Tracing Your Ancestors' Lives
A Guide to Social History for Family Historians
Once you have tracked down the names, dates and places in your family tree, this handbook will help you to explore further by investigating the day-to-day experience of your forebears. It contains advice on the best sources and methods for research into British social history and presents a variety of case studies that illustrate topics of special interest to family historians, such as economic and demographic change, domestic life and education.
Same Sex Love 1700–1957
A History and Research Guide
Family history is often seen as concerned with the traditional heterosexual unit. But what of ancestors who were attracted to same-sex partners? This first history of gay relationships aimed specifically at family historians offers valuable insights into those often seen as outcasts. Empathetic and meticulously researched, it charts the ways in which gay men and women lived their lives, from the Mollies and Sapphists of Georgian England to the Wolfenden Report of 1957.
Birth, Marriage, Death and Taxes
Lyme Regis Censuses 1695–1703
In 1695, the short-lived Marriage Duty Act imposed a tax on births, marriages and burials, as well as an annual charge on bachelors over the age of 25 and childless widowers. The tax assessment relied on censuses and seven of these documents have survived for Lyme Regis. Transcribed in this volume, with a substantial introduction, the censuses give a valuable insight into the life and social structure of the town between 1695 and 1703.
Mad Dogs and Englishmen
An Expedition Round My Family
Ranulph Fiennes OBE, known for his remarkable polar expeditions, mountaineering and marathon running, here turns his attention to his own family and England's history. For 600 years, the Fiennes have lived in Broughton Castle in Oxfordshire, and through their story, Ranulph Fiennes offers 'a simplified squint at the history of my country, England, warts and all, from its beginnings until 1944 when I was born'.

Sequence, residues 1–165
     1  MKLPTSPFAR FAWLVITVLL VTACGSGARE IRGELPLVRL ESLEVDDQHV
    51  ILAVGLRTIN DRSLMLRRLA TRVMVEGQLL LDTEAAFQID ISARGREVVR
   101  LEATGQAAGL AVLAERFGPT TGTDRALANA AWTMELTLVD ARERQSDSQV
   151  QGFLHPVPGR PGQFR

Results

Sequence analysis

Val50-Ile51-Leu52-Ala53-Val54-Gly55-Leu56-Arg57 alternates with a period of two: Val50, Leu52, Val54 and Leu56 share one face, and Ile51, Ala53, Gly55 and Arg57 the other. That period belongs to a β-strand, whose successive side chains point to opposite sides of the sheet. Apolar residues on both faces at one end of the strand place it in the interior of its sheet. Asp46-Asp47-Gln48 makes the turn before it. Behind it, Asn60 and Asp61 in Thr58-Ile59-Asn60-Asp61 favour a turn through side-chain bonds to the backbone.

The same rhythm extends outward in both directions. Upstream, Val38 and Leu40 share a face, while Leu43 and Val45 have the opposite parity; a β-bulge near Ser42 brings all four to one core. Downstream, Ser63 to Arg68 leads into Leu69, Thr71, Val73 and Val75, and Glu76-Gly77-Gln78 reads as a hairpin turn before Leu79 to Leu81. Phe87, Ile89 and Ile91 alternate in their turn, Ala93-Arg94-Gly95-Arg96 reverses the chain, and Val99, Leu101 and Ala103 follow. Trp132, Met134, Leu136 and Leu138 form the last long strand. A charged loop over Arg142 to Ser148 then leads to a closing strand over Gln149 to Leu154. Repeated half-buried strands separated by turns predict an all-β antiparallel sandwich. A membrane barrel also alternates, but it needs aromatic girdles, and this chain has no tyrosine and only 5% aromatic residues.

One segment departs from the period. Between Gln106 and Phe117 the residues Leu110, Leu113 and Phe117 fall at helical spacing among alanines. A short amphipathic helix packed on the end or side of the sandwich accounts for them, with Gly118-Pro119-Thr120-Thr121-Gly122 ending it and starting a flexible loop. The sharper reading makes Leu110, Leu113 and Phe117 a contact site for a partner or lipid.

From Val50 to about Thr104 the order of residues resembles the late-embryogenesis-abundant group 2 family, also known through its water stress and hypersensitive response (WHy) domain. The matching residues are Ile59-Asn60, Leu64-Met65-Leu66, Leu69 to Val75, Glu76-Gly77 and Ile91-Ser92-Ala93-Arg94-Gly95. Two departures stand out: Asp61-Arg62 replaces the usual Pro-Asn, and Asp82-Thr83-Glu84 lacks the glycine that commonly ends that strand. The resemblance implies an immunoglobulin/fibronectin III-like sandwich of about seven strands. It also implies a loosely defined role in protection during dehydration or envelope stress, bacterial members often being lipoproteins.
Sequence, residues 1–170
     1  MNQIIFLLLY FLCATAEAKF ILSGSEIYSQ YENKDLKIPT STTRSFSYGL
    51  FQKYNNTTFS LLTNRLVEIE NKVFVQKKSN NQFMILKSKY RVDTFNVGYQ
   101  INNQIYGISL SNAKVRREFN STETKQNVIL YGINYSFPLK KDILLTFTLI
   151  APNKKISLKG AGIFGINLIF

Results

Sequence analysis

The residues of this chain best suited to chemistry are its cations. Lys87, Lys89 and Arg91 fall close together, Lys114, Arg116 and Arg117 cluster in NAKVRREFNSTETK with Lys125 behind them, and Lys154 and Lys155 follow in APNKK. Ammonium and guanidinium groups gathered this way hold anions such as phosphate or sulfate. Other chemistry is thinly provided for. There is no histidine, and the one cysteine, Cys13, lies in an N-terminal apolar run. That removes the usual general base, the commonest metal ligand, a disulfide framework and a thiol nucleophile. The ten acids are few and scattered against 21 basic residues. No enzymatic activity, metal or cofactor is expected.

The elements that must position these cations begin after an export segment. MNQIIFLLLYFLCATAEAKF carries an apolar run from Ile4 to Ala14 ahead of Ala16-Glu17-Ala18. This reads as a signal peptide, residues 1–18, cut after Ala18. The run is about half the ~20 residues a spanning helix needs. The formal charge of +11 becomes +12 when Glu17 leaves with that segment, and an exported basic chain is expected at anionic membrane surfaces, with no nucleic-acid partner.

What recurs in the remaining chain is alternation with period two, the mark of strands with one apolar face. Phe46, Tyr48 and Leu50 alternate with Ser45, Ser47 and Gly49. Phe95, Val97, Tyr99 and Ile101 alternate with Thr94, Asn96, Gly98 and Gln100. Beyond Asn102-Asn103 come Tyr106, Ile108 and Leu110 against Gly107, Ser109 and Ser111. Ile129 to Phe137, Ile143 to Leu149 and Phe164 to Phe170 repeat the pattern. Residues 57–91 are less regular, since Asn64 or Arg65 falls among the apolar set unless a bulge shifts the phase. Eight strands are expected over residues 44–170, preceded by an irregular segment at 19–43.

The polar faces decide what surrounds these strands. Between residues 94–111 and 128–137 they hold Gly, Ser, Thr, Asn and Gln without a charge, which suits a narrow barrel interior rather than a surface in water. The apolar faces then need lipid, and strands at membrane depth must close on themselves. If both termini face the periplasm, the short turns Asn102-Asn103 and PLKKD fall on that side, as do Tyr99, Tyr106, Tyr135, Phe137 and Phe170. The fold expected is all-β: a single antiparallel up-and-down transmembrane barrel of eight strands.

A Tommy in the Family
First World War Family History and Research
The First World War touched the life of everyone in Britain in one way or another and many families hold treasured mementos in the form of medals, letters home and war diaries. This book explores 20 different human stories revealed by investigating such keepsakes connected with the author's own extended family, and also provides tips and advice about discovering and analysing ancestral information so that readers can research their own families.
A Hundred Years in the Life of a Yorkshire Family
Richard Benson's great-grandfather Walter returned from the First World War damaged in body and mind. His wife Annie led front-room seances, and their daughter Winnie married an eccentric amateur comedian. This combination of rich social history and family memoir from the bestselling author of The Farm follows four generations in the pit villages of South Yorkshire as they struggle to build a better world against a backdrop of mining disasters, two global conflicts, party politics and the miners' strike.
Nick Barratt's Beginner's Guide to Your Ancestors' Lives
As well as giving advice on the practicalities of researching and constructing your family tree, this guide explains how to use a range of sources to look more deeply into the social history of each generation - their houses, streets, communities and ways of life. Barratt also offers helpful suggestions for organizing and shaping your findings and, with the help of the latest technology, creating an archive of your personal heritage.